WCU Women’s Empowerment Club Hears New Points Of View At Radical Women's March

Jan 22, 2019

  Freezing temperatures did not deter thousands from taking part in Sunday’s Women’s March in Asheville.  BPR followed a women’s empowerment club from Western Carolina University as they experienced their first protest. As  the Queens of WCU walked up the sidewalk chants of, “We are unstoppable. Another world is possible,” echoed in downtown Asheville.                     

 

Erica McCurdy, is a junior and the President of Queens of WCU. The club was founded at the beginning of the school year and is one of the only women’s club on campus, says McCurdy.

 

This is McCurdy’s first ever protest - a freezing cold morning at Pritchard Park for the Radical Women’s March.

 

“I think that it’s important to be supportive of all groups and get out there and see where they are coming from,” says McCurdy.

Amber Greer, club archivist, Cory Collins, vice president, and Erica McCurdy, president are all members of Queens of WCU who attended the Asheville Women's March. (left to right)
Credit Lilly Knoepp

She drove over the mountain from Western Carolina with her vice president Cory Collins, a senior - and junior Amber Greer the club archivist. All three are from Raleigh.  Among the speeches they heard was one from a trans-woman who spoke about her work to unionize her work place.

“Our struggle - women’s struggle - working class struggle is the thing that unites us all so  we need to organize together to solve every form of oppression that people face under capitalism right now,” says Courtney, who identifies as a transgender woman.

 

Becca Aubrey drove from Greensboro with her comrades like Brandon Enoch to support the International Socialist Organization.

 

“There are a lot of critiques about the regular women’s march being too white or not being inclusive enough. So we wanted to join the radical contingent to show that we’re here for trans women, women of color - all women - not just the famous white feminists,” says Aubrey.

 

Enoch was one of the only people of color at the rally.

 

“The demographic is not where I would like it but its nice to be a part of it either way," says Enoch. "There are a lot of rights that we are trying to represent and people that we are trying to stand up for.”

 

Travis Gresham drove from Waynesville alone in her homemade “Handmaid’s Tale” costume to be a part of the March. She says she wore the costume because it was the scariest future she could think of.

 

“If we don’t stand up then we will continue to be pushed down,” says Gresham, who left her two sons and husband at home.

 

McCurdy says they are currently reading the Margaret Atwood novel in one of her lit classes at Western.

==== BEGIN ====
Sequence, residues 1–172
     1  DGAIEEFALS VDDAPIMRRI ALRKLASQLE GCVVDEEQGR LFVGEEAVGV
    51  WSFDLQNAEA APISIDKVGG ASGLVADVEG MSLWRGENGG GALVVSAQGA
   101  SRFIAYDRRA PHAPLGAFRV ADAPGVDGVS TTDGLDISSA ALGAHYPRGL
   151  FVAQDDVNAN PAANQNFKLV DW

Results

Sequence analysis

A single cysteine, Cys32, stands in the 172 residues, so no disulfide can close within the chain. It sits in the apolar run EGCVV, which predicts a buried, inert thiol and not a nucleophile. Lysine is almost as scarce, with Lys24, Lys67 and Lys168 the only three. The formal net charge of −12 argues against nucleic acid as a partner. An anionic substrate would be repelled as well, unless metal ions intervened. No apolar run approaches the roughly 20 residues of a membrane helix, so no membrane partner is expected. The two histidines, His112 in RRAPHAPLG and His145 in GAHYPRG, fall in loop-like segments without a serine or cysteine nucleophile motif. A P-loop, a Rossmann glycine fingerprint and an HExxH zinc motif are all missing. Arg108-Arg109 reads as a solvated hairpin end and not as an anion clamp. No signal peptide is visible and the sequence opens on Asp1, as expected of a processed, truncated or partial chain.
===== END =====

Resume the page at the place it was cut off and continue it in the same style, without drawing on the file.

“I didn’t know what to expect when I heard it was a Radical Women’s March. I didn’t really know that there was opposition to the Women’s March but I definitely learned something today that it might not be as inclusive as it sounds like it is,” says McCurdy.

 

Collins says that hearing from so many different voices reminds her as a white woman that she needs to stand up for all.

 

“I don’t think that it’s okay that people fight for issues that only relate to them. That really makes me sad and upset,” says Collins.

Those at the Radical Women’s March eventually made their way over to the main Women’s March at Pack Square.  Indivisible Asheville helped promoted the main Women’s March. Robyn Lively Summers of the group says that it’s not a bad sign that people at the march have different opinions.

 

"That’s just a symbol of the Democratic Party and of what mainstream America,” says Lively Summers. “We are a lot of different people and we’re going to have differences of opinion. I don’t think that the Women’s March was ever anti-Semitic.”  

The Queens of WCU got a spot at the front of the crowd to hear welcome speeches from the march organizers.

 

Then the march was on. As they walked, McCurdy immediately started to dance to the music blaring from the loud speakers.

 

“I really like all of this good positive energy. It’s really easy to get lost in what is not and not respect what is, so I really like the positive energy around here and I’m feeling good,” says McCurdy.

 

Greer, the club archivist, has been filming the whole day on her dad’s Go-Pro. She’s excited to take what they learned back to the university.

 

“All of the inclusion that we have today is definitely something that we are going to bring back to Western,” says Greer.

 

The club will be focusing on Western’s MLK Unity Week right now but they want to share what they learned at the march with their members at an upcoming meeting.